Compared to the 2017 request, this development plan allows for slightly higher density, changing the maximum number of residential units from 42 to 45 and lowering the minimum lot size from 30,000 square feet to 21,000 square feet.
Ron Thrower of Thrower Design said postponing the case would unrealistically expect city legal staff to draft an ordinance in the time between the next ZAP meeting and the City Council meeting.
“Currently the Law Department asks for up to a month between the ZAP hearing and the actual Council date to do the ordinance preparation,” Thrower said. “I suspect that eight days between April 2 and April 11 is not going to be adequate time to get an ordinance ready for this.”
Howard said his client is OK with a two-week postponement if there can be some assurance that the zoning case will be ready for hearing with the annexation item on April 11. If not, Howard said his client is not interested in “full purpose annexation and the payment of city taxes without getting the zoning” requested.
The case manager, Sherri Sirwaitis of the Planning and Zoning Department, said the most she can do is make a request to the Law Department but cannot guarantee that an ordinance will be ready by any particular date.
Commissioner Jim Duncan said in this particular case, not granting the neighborhood a postponement would be a “slap in the face” to residents who would like to speak on the matter but have not had adequate time to prepare.
With only six commissioners present, just enough for a quorum, the commission unanimously chose to honor
Kiolbassa’s and the Milky Way Drive neighbors’ requests by granting the two-week postponement.
Clarification: Though commissioners were poised to move forward with the case, that came to a halt when Commissioner David King threatened to leave the dais. That move would leave the commission unable to hear the case due to a lack of quorum. In the end, the neighborhood request for postponement was granted.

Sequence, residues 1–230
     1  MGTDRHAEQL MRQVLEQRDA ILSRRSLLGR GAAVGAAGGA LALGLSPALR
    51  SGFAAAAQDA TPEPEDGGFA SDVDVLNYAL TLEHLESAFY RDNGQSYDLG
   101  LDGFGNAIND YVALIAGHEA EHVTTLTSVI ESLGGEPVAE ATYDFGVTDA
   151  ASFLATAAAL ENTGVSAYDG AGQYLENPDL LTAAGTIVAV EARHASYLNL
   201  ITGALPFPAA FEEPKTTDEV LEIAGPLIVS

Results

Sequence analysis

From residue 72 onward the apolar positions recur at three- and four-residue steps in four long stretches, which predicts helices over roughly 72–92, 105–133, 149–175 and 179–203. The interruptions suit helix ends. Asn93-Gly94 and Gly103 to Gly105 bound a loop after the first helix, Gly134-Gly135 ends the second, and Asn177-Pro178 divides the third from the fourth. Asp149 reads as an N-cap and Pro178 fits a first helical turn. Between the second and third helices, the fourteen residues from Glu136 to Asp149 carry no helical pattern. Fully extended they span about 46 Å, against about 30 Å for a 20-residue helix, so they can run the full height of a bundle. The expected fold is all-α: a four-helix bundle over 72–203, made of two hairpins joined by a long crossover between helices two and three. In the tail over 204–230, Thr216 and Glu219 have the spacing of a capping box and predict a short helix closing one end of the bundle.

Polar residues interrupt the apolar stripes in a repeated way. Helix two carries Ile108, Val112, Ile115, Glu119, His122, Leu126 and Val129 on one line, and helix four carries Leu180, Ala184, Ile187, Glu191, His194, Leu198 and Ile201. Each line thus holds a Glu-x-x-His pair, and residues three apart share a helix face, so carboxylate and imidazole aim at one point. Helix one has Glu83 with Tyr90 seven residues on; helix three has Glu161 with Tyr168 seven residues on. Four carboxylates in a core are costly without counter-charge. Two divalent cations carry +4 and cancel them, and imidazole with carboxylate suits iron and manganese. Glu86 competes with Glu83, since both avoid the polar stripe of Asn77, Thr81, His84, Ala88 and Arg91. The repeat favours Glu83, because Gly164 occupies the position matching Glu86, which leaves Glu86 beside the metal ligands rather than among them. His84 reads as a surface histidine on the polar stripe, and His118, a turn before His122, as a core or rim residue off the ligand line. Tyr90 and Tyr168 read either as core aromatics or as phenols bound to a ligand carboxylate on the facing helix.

Photo courtesy of the city of Austin.
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Key Players & Topics In This Article
annexation: Annexation is the way that cities extend their municipal services, regulations, voting privileges and taxing authority to new land. Under the Imagine Austin Comprehensive plan, the city should annex property in order to: "apply zoning and development standards, including environmental protection; create efficiencies in service delivery, particularly for public safety services; maximize the return on the City’s investment in infrastructure and business incentives; protect and expand the tax base; and provide municipal services beyond those available in rural areas."
City of Austin Board of Adjustment: The city's Board of Adjustment is a quasi-judicial body that decides on variances, special exceptions and can issue interpretations of code.
extra-territorial jurisdiction (ETJ): The unincorporated land within the five miles of the city limits that is not within the city limits or ETJ of another city. Austin is the only municipality authorized to annex land within its ETJ.